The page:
The sentencing for a couple associated with a polygamous community near Creston, who were found guilty of bringing their underage daughter across the American border to marry a fundamentalist religious leader, will be sentenced on Friday in Cranbrook.
Brandon James Blackmore and Emily Ruth Gail Blackmore were found guilty of a child trafficking law back in February, while a third accused, Jim Oler, was acquitted.
All three are associated with Bountiful and were charged with the removal of a child of a child from Canada under a criminal code subsection that their removal would facilitate sexual interference or sexual touching. The two children, who were daughters of the accused, were married to men involved with the Fundamentalist Church of Jesus Christ of Latter-Day Saints (FLDS) during ceremonies in the United States back in 2004.
While the verdict was delivered in February, the courts have been waiting for a pre-sentencing report. According to the Criminal Code of Canada, the maximum punishment is up to five years in prison.
The removal of a child from Canada trial resulted from charges approved by Peter Wilson, a special prosecutor appointed by the government, in August 2014.
Wilson’s case relied heavily on religious records seized by American law enforcement during a raid on an FLDS compound in April 2008. According to FLDS doctrine, record-keeping is a key aspect of the faith, as what is sealed on Earth is also sealed in Heaven, which is why marriage, personal and priesthood records were so securely stored in a bank-like vault inside the main temple building.
The Crown pointed to priesthood records from FLDS leader and prophet Warren Jeffs, who called Brandon Blackmore to tell him a revelation from God that involved marrying his daughter.
“The Lord had revealed that his 13-year-old daughter belonged to me and we would discuss that when he brought her down south sometime Friday. I am praying the Lord to touch his heart to receive the Lord’s will,” reads the record, which was ruled admissible by Justice Paul Pearlman.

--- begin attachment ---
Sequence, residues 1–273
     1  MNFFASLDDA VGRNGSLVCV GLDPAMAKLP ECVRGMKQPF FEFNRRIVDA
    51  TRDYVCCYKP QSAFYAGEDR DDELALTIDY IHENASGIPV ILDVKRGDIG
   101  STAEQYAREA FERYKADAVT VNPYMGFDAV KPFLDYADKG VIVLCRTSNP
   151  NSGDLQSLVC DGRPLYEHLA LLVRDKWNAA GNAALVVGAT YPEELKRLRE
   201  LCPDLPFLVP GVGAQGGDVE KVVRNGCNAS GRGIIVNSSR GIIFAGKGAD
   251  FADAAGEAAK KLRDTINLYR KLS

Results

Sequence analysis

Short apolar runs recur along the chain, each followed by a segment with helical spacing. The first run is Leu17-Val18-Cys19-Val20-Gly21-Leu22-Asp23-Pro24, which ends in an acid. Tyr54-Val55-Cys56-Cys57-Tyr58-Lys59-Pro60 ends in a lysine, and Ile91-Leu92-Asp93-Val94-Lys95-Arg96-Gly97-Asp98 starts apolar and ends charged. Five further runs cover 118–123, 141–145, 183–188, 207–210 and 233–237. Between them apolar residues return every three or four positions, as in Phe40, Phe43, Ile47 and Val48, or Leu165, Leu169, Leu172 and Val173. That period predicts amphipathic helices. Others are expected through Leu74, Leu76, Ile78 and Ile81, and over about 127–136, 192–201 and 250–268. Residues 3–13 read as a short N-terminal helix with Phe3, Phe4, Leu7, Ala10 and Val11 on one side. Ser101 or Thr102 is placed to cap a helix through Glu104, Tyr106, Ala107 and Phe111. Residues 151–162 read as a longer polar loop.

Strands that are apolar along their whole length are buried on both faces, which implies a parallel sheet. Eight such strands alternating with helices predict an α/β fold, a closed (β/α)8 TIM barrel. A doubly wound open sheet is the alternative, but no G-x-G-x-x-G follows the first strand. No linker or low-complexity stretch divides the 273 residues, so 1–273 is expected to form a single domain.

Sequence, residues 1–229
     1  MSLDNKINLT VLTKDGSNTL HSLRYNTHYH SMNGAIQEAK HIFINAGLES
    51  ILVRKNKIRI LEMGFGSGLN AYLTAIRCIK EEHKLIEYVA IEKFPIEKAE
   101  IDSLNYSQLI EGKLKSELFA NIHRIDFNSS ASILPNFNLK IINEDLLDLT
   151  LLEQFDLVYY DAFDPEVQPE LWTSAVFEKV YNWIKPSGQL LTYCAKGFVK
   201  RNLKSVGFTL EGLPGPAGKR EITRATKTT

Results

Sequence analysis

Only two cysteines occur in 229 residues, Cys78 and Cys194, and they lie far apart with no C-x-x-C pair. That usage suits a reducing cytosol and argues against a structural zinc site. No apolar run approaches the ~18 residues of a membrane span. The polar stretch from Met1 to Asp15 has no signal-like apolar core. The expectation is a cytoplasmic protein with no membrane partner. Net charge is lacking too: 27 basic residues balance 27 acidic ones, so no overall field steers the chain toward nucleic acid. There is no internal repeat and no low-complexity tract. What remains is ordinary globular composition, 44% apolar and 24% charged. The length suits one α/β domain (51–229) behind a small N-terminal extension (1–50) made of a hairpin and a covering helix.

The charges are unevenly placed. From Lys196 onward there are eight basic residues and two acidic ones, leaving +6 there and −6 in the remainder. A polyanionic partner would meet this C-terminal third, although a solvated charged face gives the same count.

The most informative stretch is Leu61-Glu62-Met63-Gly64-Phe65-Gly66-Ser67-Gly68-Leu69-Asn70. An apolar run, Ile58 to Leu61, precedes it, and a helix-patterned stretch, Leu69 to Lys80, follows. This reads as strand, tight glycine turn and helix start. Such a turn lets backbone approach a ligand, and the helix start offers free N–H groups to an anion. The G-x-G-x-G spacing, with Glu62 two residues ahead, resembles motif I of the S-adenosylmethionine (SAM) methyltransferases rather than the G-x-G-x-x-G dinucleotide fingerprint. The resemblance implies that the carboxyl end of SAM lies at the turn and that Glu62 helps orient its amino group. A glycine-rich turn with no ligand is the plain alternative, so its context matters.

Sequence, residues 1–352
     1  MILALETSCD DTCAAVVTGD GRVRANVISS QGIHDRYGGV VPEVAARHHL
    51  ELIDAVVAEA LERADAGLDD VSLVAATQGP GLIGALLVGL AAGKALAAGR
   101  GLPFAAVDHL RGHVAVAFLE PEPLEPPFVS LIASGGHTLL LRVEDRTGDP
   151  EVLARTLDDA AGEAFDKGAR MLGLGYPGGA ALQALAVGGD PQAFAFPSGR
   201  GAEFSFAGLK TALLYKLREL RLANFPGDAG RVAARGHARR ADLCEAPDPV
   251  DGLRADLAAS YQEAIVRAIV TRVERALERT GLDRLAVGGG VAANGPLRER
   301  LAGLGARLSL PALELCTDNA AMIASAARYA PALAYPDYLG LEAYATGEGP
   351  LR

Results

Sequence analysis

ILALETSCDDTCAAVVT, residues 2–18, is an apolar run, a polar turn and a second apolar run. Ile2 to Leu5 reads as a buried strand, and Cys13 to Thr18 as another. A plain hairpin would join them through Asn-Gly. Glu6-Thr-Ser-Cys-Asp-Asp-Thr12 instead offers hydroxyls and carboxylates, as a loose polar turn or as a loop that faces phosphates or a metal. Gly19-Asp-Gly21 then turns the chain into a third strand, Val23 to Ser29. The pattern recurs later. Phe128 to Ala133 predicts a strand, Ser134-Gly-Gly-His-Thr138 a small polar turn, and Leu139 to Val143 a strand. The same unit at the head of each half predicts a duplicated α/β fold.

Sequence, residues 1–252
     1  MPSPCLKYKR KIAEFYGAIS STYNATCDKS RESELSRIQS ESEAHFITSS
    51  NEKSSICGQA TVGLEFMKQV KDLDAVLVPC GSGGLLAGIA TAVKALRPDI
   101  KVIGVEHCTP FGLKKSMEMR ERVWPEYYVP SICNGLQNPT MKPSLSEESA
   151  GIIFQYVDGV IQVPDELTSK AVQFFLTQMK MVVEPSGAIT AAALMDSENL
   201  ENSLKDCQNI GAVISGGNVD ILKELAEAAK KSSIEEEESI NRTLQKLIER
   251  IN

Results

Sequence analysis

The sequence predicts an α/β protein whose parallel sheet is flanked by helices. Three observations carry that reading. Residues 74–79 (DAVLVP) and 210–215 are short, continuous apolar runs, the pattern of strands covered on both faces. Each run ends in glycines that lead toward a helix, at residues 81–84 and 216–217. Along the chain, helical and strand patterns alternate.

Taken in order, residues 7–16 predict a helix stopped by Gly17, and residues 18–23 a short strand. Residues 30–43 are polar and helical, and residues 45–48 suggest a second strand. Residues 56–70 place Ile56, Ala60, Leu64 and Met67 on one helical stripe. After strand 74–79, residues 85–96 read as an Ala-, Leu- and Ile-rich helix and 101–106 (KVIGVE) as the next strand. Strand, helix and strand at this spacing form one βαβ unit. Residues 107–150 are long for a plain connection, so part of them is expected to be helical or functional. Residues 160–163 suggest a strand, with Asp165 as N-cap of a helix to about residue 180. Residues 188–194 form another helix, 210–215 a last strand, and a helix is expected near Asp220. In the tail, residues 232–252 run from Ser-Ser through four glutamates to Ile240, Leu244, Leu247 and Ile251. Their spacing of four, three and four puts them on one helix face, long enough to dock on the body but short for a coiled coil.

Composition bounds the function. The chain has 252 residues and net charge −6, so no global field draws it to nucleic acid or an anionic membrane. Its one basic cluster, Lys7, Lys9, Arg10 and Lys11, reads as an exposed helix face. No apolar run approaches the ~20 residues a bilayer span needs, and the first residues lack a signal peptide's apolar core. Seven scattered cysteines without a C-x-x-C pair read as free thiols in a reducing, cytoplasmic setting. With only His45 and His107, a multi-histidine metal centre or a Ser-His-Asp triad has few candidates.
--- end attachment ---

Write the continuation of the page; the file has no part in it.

Other evidence included testimony from former members of Bountiful, birth records and school records confirming that the daughters were underage at the time of their marriages.
Oler was acquitted after Pearlman found that there was no evidence to prove Oler was in Canada when Jeffs ordered him to bring his daughter to the U.S. to marry an American man.
There were no records from US Customs and Border Protection indicating Oler had crossed the border with his daughter. A former Bountiful member, who’s identity is protected by a publication ban, testified that she crossed the border with her family in a van and stopped at a rest area, where another van containing Oler and his daughter arrived.
The witness testified everyone transferred into the newly-arrived van with Oler and his daughter before heading down to Nevada and the wedding ceremony.
“On the totality of the evidence, I am left with a reasonable doubt that Mr. Oler did anything in Canada for the purpose of removing [his daughter] from this country,” wrote Pearlman.
Though Oler was acquitted, Wilson is launching an appeal, according to a media release from the Criminal Justice Branch.